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Old November 20th, 2014, 14:30   #118
Cameron SS
Join Date: Nov 2014
Originally Posted by ThunderCactus View Post
They don't always make laws to limit carry or what you can own, most of the laws being made are to add charges to criminal offenses.

When that guy took the bus with his rifle to shoot up York university, lawmakers afterwards made it illegal to carry a firearm on public transportation.
Do you think the firearm community was worried it would lead to a ban on firearms?
It only affected a select few firearm owners, but the point of the law was to add one more criminal charge to anyone using public transport to go commit a firearm related crime.
They lumped in airsoft guns with firearms so they can add more charges to a person pointing an airsoft gun at a police officer.

The ban of airsoft makes no sense what so ever, and even lawmakers must see that. I'm sure anyone would rather be held up by an airsoft gun, in which they're in no actual life threatening situation, instead of a real firearm, or even a knife.
The person committing the crime still gets charged with armed robbery as if it were a real gun, but nobody was in any life threatening danger. It's win/win for everyone.
Well, first off, thousands of Canadians were affected by the ban on public transportation, despite not being on their way to a crime. The law was not a ban on public transportation for criminals with firearms, it was a ban on public transportation with firearms. It was not limited to only the situation that was brought up at trial, but it was applied across the country and negatively affected lots of people who had done absolutely nothing wrong.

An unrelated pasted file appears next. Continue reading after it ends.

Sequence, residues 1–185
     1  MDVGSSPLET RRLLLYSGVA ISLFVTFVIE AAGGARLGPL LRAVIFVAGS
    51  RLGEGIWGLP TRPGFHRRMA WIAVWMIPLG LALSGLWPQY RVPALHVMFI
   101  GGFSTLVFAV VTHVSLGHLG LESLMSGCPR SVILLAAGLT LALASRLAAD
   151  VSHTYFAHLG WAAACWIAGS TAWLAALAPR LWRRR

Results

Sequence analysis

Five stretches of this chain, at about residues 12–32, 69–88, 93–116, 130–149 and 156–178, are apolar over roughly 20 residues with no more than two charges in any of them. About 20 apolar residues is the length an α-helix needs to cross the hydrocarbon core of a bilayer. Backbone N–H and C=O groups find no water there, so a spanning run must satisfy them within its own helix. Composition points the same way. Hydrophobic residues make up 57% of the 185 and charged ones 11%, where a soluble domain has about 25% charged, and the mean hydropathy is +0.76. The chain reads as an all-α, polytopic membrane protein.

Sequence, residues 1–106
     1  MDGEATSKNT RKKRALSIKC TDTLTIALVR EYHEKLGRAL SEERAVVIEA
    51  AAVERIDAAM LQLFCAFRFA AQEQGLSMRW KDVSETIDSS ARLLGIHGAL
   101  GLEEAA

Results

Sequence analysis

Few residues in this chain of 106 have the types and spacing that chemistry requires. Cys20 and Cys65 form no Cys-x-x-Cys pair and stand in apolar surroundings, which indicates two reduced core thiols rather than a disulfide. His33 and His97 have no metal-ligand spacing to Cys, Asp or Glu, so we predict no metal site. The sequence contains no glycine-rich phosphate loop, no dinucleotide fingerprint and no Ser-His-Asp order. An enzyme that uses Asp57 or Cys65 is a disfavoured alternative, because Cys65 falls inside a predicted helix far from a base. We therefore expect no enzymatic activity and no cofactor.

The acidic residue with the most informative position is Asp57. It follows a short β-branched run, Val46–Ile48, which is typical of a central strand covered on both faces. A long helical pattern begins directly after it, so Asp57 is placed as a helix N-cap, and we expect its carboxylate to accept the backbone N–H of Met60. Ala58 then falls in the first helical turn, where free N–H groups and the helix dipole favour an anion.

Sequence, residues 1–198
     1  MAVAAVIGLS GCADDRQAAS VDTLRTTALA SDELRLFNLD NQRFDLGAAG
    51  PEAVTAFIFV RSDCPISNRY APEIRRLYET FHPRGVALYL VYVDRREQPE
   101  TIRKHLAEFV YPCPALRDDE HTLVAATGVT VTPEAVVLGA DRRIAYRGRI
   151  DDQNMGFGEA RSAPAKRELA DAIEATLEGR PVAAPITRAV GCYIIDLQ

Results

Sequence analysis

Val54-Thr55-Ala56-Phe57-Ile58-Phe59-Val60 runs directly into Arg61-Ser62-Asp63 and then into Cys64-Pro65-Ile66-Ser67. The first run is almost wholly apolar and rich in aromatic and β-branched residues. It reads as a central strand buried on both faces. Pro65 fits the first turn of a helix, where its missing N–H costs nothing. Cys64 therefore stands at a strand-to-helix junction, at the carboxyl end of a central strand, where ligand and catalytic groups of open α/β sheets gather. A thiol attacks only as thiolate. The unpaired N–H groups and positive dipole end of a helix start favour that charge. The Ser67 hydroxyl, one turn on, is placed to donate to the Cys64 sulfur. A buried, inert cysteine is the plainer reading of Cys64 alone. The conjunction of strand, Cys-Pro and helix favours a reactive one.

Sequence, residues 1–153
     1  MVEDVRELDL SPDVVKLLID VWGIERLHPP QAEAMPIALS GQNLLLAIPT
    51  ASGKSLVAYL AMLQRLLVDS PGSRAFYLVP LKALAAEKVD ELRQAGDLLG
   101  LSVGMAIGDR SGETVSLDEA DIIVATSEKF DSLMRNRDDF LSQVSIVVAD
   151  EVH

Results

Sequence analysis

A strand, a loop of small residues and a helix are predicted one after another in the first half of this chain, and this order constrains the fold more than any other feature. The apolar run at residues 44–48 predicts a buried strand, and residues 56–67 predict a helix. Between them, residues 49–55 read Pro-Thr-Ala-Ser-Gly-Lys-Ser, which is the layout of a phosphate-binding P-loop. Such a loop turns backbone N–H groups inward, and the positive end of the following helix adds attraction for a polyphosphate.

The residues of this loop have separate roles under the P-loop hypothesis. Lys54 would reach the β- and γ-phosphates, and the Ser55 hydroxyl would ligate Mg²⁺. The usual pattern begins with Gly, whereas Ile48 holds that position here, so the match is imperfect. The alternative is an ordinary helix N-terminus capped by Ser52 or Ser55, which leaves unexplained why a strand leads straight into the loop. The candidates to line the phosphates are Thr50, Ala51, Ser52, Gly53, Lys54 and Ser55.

No one here has ever denied that a person using an airsoft to rob a bank should have the book thrown at them. That is not the issue.

The Dunn case was a case of the nonviolent use of a firearm. While under observation for something completely unrelated, he took out a pellet gun, and put it back in his pocket. The people watching him thought he pointed it at some one else, who never complained, and then the observers reported it to Ottawa Police. The charge of pointing was tossed in court due to lack of evidence. That should have been the end of it all right there but it wasn't.

He was charged for three other non violent offences, and was convicted despite any intent to harm anyone. Now, as a result of the ruling, there is no intent of any kind required to be convicted of such an offence. This is a terribly unfair state of affairs, especially for people who think as long as I don't intend to hurt anyone else, I am safe from the law.
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